As demand for organic meat products continues to grow, U.S. organic animal feed suppliers are increasing production capacity and opening new facilities to boost supply. Meanwhile, imports of organic corn and soybeans continue to flood the market, driving down grain prices for U.S. organic farmers.
Consumer awareness driving demand
Washington State-based Scratch and Peck Feeds recently expanded to a 40,000 square foot facility that will triple production—from 35 tons of feed daily to about 105 tons.
“Our new facility has grain silos and all new state of the art equipment—all made in the U.S. We are reducing our turnaround times and wanting to improve on that,” says Diana Ambauen-Meade, founder and owner of Scratch and Peck Feeds, which recently achieved B Corporation Certification.
Scratch and Peck supplies feed primarily to backyard urban and small production poultry farmers in California, Oregon, and Washington.
The company’s feeds are made from grains such as wheat, barley, oats, and corn, as well as peas, flax, sesame meal and fish meal for protein. No soy is used. Feeds are minimally processed.
Ambauen-Meade says demand is strong. “It’s definitely growing at a steady pace and increasing over last year and the year before. Consumers want a closer connection to their food and to trust that it is healthy.”
Across the country in Virginia, New Country Organics has also expanded their business, purchasing an old feed mill in Lubbock, Texas last fall.
“It’s a good middle of the country location; we wanted to get closer to California,” says Kevin Fletcher, vice president of sales.
There are a lot of organic grains grown in west Texas, including wheat, barley, and milo as well as black-eyed peas, that New Country Organics can access as feed materials.
Fletcher also sees demand driven by consumer awareness. “People are having a greater understanding that they are what they eat,” he says.
Like Ambauen-Meade, Fletcher says organic chicken is driving the feed market.
In the Midwest, James Frantzen, owner of Iowa-based Riverside Feeds, has seen organic feed demand increase by double digits for the past four to five years, which led him to expand his production.
“We’re going to double in size with the tonnage of products that we offer pelleted and that does not include the customer pelleting,” Frantzen told FeedNavigator.com. “We’re going to include a lot more custom pelleted as long as it’s organic or at least non-GMO, so we’ll probably triple, if not more, the tonnage of overall materials running through the plant.”
Riverside’s feed is made from oat hulls, soybean hulls, or textured proteins, sourced from food-grade organic processing plants. A variety of Midwestern suppliers have ensured a steady supply of ingredients, which are made into pellets, primarily for feeding cattle.
Another Iowa-based feed manufacturer, Catalyst, recently received organic certification, becoming one of only a few in the Midwest offering premix and private label organic services.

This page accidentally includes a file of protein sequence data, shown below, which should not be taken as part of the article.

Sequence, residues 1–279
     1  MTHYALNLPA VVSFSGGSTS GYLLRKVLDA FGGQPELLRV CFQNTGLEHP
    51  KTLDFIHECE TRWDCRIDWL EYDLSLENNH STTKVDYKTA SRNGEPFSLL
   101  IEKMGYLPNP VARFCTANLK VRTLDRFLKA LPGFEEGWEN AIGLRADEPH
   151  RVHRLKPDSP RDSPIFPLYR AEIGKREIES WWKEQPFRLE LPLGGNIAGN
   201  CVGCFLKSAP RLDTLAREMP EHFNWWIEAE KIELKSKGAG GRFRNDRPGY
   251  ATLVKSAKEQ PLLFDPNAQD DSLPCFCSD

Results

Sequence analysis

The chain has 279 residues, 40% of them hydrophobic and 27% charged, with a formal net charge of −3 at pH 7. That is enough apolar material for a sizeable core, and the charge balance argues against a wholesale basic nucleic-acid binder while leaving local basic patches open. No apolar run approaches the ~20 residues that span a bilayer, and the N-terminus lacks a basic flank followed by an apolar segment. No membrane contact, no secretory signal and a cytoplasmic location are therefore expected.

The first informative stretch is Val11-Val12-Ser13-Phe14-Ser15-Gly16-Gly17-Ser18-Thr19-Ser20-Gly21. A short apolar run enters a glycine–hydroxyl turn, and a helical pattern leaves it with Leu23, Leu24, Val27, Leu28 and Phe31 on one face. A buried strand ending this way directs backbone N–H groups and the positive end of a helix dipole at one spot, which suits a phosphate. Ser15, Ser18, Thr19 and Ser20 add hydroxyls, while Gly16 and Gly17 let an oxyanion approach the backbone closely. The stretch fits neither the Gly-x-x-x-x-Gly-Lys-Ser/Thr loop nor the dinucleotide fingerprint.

Doubling down on domestically grown organic grain
In Vermont, F.W. Cobs Company is expanding its organic feed production to support U.S. and Canadian domestic production of organic grains. In the past two years, large volumes of corn and soybeans have been imported from countries such as Turkey, Ukraine, India, and China. While organic processors can use cheaper imported grains, the imports are hurting U.S. farmers. There are also questions about the organic integrity of the imports.
“Organic grain prices are close to an eight-year low, due to the flood of imported grain. The lower prices are hurting domestic producers and scaring potential new producers away from making the transition into organics,” says Shaun Brooks, F.W. Cobs’ president.
In a recent announcement, F.W. Cobs says it is “doubling down on domestically grown organic grain.” The company says it “has invested in additional storage capacity along with adding human resources to continue our focus on purchasing only domestically grown organic grain from the United States and Canada.”
F.W. Cobs says it plans to double its capacity for purchasing in the Midwest.
New Country Organics also buys only domestic organic grains. “We’re holding to our standards of buying U.S. grain, and supporting American organic grain farmers,” Fletcher says.
Meanwhile, larger organic feed suppliers, such as Nature’s Best and Purina, are using organic imports, according to Fletcher.
California-based Modesto Milling uses imported organic feed grains because their location near to West coast ports makes it convenient and less expensive.
“There is pressure on (feed) inputs that makes imports more popular. “There is always a margin squeezed between inputs and the price you sell products for,” says Chris Wagner, Modesto Milling sales and marketing representative.
Concerns around genetically modified foods are also impacting organic feeds. “A lot of people don’t want corn or soy to avoid any thought of GMO contamination,” Fletcher says.
Several feed manufacturers including Scratch and Peck, Modesto Milling, and Coyote Creek Farms have gotten their feed products Non-GMO Project Verified.
Scratch and Peck was the first feed company in North America to receive non-GMO verification.
“When I heard there was a non-GMO verification, I said ‘we’re doing that,’ ” says Ambauen-Meade. “It was about our passion, which remains a huge part of our ethos and is reflected in every decision we make.”